The visual focus of the campus is the Research Tower. Imagine this modern looking Tower was built in the mid 1930s. The glass is actually Pyrex tubes which let in light but obstructed the view since the Scientists needed to be working rather than looking out! You can see some of the original tubes wrapping behind one of the columns in the third picture below.

FLW realized the importance of the car to the future so the tower and the headquarters behind it were raised above the ground and one entered through a set of FLW gates into the car park. This area wasn’t just for cars though, it is a pleasant space with sculptural columns and water features to walk through. Even the water drainage system have a FLW touch!

Pictures aren’t allowed in the Great Hall of the headquarters but below are some I found online. This was likely one of the first open plan offices. Remember this was built before WWII.

After touring the Great Hall, we were allowed to climb up into the Research Tower. The Tower was built before current fire codes as it only has one door in and out. Apparently it proved impossible to make it safe, functional to maintain the architectural purity so the building is sadly only used for storage.

The building was built in 1950. It had a floor and a mezzanine for each of SC Johnson’s different research departments- wax, cleaning products, OFF, etc. As you can see in the diagram and construction photos below it was supported by a central core-this allowed the exterior to be transparent.

The core also housed an elevator of sorts-more like a dumb waiter. The core also had one toilet per floor-men only, guess their weren’t any women scientists.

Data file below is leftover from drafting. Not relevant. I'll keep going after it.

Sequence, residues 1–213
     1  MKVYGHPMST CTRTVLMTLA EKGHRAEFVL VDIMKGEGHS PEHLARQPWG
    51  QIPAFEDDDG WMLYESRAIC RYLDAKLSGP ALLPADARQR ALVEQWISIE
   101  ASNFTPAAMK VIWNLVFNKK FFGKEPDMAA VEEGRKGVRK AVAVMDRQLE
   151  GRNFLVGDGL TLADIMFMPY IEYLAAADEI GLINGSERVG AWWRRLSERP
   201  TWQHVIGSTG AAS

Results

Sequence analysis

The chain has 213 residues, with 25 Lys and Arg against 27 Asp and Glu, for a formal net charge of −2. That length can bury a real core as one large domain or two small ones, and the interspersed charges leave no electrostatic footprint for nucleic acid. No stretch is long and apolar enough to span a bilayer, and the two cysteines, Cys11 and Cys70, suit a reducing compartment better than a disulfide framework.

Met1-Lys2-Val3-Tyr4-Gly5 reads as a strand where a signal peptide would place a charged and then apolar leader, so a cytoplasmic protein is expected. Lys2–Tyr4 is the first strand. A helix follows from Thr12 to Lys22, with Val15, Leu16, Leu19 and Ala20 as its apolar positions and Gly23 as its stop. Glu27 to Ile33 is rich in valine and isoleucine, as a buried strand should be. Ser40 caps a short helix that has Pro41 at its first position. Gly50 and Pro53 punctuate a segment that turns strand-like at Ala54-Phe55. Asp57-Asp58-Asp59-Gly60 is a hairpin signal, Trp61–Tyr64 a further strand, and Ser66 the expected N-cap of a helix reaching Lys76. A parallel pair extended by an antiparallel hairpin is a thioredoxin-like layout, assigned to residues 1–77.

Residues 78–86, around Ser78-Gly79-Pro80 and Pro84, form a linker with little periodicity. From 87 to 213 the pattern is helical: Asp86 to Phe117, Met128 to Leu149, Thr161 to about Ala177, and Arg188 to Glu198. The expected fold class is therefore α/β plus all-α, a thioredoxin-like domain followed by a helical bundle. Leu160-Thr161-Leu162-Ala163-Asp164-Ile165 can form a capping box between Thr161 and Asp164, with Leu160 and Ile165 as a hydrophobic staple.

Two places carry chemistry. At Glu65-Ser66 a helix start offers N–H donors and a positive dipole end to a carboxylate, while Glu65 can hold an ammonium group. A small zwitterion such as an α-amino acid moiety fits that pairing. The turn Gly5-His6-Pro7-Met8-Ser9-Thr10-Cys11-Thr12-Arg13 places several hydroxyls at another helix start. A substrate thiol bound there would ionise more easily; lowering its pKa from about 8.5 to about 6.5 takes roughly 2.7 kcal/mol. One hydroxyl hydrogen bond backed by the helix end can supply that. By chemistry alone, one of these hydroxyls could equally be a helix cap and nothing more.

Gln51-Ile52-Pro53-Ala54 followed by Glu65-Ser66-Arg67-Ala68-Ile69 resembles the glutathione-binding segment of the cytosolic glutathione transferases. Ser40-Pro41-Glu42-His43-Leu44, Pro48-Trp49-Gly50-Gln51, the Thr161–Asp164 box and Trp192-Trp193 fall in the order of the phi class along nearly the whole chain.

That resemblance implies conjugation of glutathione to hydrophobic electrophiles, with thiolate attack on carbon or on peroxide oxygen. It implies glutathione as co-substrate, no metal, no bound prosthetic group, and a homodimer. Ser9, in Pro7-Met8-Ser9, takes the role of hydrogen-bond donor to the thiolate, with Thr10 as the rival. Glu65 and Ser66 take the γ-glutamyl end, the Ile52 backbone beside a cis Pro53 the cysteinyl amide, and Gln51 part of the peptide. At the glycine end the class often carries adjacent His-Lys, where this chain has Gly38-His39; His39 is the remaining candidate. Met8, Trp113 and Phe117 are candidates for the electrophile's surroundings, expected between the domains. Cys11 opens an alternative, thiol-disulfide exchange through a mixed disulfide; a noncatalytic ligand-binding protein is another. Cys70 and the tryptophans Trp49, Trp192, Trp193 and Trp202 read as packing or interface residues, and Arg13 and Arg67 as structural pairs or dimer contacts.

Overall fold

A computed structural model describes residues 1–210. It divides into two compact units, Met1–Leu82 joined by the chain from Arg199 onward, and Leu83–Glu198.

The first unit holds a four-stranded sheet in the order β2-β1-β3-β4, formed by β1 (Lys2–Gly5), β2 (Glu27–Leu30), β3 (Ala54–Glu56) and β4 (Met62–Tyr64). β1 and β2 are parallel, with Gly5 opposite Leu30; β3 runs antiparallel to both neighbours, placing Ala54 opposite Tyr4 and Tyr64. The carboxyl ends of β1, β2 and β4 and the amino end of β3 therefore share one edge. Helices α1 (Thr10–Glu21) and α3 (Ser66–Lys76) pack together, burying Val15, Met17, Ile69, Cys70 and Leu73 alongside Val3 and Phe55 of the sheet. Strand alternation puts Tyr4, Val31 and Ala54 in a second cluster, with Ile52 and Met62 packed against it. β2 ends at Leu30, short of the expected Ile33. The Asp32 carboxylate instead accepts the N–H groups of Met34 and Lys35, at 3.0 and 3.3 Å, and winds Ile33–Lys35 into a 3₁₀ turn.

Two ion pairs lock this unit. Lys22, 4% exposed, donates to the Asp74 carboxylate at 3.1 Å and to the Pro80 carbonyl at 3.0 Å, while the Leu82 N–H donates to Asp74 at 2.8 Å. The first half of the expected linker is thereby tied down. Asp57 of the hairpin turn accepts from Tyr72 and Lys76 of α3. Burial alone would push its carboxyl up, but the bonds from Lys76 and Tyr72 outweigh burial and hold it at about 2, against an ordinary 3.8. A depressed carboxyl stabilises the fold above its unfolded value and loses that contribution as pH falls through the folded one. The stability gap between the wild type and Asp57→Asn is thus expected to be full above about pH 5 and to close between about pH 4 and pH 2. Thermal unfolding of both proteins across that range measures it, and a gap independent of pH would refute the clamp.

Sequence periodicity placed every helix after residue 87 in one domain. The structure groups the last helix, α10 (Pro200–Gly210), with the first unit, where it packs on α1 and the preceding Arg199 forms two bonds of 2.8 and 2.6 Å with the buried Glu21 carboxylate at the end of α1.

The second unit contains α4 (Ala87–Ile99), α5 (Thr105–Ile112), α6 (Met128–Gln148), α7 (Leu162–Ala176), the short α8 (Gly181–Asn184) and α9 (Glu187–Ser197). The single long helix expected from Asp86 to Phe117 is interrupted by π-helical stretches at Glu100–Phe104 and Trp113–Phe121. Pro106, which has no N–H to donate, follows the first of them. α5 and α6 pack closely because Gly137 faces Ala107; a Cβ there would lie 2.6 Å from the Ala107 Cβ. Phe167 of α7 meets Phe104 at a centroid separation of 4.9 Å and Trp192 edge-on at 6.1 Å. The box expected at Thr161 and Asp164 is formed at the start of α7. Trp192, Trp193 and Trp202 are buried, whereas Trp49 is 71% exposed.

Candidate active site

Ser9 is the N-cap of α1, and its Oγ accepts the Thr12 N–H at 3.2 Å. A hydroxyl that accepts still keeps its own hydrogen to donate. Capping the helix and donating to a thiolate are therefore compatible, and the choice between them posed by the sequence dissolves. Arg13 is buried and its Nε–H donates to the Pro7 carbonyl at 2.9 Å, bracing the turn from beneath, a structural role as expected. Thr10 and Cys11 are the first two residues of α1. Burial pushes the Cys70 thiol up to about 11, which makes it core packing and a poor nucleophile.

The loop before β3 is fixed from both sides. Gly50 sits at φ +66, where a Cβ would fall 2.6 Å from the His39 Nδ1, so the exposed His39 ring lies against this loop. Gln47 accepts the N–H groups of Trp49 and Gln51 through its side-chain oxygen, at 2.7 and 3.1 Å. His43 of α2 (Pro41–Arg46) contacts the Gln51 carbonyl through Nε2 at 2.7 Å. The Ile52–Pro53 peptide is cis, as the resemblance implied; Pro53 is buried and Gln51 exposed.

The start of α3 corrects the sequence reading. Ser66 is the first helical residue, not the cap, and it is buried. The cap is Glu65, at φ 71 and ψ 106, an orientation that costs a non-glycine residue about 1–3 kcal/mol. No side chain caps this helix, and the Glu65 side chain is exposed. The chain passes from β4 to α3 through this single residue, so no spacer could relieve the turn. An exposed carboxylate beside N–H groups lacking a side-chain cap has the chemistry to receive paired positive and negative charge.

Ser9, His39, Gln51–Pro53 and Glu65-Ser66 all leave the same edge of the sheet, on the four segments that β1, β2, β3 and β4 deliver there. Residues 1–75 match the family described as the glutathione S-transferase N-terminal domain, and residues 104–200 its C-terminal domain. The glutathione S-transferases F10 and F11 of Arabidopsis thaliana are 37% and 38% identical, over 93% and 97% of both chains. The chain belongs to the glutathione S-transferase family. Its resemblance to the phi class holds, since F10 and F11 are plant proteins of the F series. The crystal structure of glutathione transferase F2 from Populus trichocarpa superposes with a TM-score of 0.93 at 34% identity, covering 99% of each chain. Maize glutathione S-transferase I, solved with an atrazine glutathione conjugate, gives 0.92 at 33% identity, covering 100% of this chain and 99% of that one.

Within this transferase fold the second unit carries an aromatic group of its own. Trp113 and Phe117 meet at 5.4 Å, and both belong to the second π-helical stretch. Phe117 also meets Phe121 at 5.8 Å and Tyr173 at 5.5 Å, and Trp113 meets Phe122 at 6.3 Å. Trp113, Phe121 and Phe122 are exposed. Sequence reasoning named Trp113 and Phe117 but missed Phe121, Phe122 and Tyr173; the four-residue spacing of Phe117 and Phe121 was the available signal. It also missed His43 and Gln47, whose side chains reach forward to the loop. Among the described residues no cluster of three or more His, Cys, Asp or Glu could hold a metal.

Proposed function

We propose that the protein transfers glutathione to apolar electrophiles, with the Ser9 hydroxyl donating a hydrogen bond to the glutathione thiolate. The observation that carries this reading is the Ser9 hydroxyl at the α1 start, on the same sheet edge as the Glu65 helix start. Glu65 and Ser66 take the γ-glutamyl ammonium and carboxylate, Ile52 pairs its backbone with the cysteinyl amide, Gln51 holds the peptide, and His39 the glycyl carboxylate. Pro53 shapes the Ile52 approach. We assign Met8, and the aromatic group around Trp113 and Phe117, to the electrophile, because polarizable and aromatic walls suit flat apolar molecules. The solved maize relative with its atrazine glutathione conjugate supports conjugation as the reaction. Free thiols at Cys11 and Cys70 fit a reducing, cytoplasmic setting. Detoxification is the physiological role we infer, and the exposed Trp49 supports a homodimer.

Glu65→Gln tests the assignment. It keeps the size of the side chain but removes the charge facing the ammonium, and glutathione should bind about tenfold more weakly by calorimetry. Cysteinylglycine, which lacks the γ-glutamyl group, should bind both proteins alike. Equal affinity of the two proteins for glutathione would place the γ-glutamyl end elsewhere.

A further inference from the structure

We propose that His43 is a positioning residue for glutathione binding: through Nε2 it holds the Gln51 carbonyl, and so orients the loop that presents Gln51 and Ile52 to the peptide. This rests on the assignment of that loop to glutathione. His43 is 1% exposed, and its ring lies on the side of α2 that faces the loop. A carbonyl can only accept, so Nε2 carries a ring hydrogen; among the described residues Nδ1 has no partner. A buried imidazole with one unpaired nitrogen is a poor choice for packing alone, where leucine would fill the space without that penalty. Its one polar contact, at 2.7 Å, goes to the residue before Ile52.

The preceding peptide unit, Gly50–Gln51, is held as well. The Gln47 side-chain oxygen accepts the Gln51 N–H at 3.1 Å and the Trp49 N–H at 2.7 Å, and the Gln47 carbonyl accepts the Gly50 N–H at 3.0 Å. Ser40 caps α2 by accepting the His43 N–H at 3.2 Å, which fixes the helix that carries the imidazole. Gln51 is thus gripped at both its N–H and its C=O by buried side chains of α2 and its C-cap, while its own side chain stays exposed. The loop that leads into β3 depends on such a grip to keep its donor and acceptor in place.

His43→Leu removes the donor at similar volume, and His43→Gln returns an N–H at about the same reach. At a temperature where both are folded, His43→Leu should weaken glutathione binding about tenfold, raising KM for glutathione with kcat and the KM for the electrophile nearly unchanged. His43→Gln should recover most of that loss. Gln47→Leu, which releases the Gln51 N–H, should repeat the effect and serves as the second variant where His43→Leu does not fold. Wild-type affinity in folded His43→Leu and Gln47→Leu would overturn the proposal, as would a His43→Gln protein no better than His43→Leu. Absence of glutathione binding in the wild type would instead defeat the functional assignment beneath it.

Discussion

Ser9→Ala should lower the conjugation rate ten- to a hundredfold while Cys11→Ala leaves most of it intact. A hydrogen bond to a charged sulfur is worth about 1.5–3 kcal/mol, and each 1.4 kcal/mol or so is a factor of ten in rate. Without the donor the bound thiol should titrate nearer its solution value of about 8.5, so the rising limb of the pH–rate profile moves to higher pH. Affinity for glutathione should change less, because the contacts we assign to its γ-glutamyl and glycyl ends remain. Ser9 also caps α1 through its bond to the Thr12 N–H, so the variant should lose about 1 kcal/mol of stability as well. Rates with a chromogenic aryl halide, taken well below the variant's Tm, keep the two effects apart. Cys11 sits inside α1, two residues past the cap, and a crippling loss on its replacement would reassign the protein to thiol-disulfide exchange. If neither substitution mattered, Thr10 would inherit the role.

The space seemed tight to me and we were told that scientists working there complained about the bright light (but no views) and heat gain. So while interesting from an architectural point of view perhaps it wasn’t just the lack of exit stairs that made them stop using the building.

Shhh, I forgot and took these illegal pictures inside.

Despite all of it’s issues, it is still an impressive looking building.

Later generations of the Johnson family have kept up the tradition of hiring famous architects. The latest building on the campus is by Norman Foster and Partners. They recently designed Apple’s new campus as well as a number of Apple stores (including the one in Chicago where We bought my new phone).

The building here is used for receptions, conference & training and employee services (cafeteria, gym, etc.). It also houses several galleries which explore both SC Johnson’s history (including the plane which one of the SC’s used to fly to the location in South American where canuba (as in wax) comes from) and Mr. Wright’s. And of course a gift shop…anyone need a ziploc bag?

After finishing our tour of the headquarters, the three of us headed along the lake and found a great spot to have a picnic lunch made up of leftovers from the 4th of July spread and pizza from our dinner the night before. It was a beautiful day and sitting by the Lake (Michigan-dang it we didn’t make it to Huron so still have one more to visit someday) was wonderful. From there we drove a few more minutes to visit the house FLW designed for Mr. Johnson, “Wingspan.”

The house was designed for a family which included a young son ( hence the crow’s nest at the top) and a daughter (she got a Juliet balcony in her bedroom at the end of the prowlike end of the house)

The house’s first floor is open plan around a central core of fireplaces. All of which is beautifully lit from above by skylights (and yes they apparently leaked😢). The fireplace on the upper level was a vertical fireplace but was only used once. Apparently after lighting the fire, the logs burned beautifully but when the bottoms were turning to ash, the remainder of the logs fell forward into the room almost causing a major fire.

Today, the house is owned by the SC Johnson Foundation and is used for corporate retreats and conferences.

Both the headquarters and the house are well worth a visit (especially since they are free) if you happen to be anywhere close to Racine.

After saying goodbye to Larry who headed back to Mundelein, Mike and I set off towards Spring Green Wisconsin for the finale of our FLW tour, his home and school-Talesin.

So stay tuned!